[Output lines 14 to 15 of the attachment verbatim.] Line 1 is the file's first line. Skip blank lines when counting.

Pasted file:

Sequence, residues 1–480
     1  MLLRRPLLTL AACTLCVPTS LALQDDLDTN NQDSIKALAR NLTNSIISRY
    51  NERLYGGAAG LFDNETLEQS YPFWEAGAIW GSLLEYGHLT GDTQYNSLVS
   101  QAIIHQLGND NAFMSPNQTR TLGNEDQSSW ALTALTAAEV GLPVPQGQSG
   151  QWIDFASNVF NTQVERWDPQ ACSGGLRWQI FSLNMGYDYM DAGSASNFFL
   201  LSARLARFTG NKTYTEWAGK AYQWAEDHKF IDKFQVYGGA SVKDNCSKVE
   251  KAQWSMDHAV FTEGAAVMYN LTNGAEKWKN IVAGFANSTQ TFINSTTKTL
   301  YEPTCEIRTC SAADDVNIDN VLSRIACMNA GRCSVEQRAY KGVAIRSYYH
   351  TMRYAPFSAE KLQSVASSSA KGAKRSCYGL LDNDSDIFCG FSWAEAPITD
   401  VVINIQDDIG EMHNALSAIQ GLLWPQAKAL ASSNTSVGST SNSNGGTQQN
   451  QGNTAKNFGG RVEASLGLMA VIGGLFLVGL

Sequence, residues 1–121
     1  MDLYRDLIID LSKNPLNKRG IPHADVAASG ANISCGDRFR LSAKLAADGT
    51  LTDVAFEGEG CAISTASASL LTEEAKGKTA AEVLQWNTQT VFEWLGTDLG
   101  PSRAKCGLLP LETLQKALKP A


    51  LTDVAFEGEG CAISTASASL LTEEAKGKTA AEVLQWNTQT VFEWLGTDLG
   101  PSRAKCGLLP LETLQKALKP A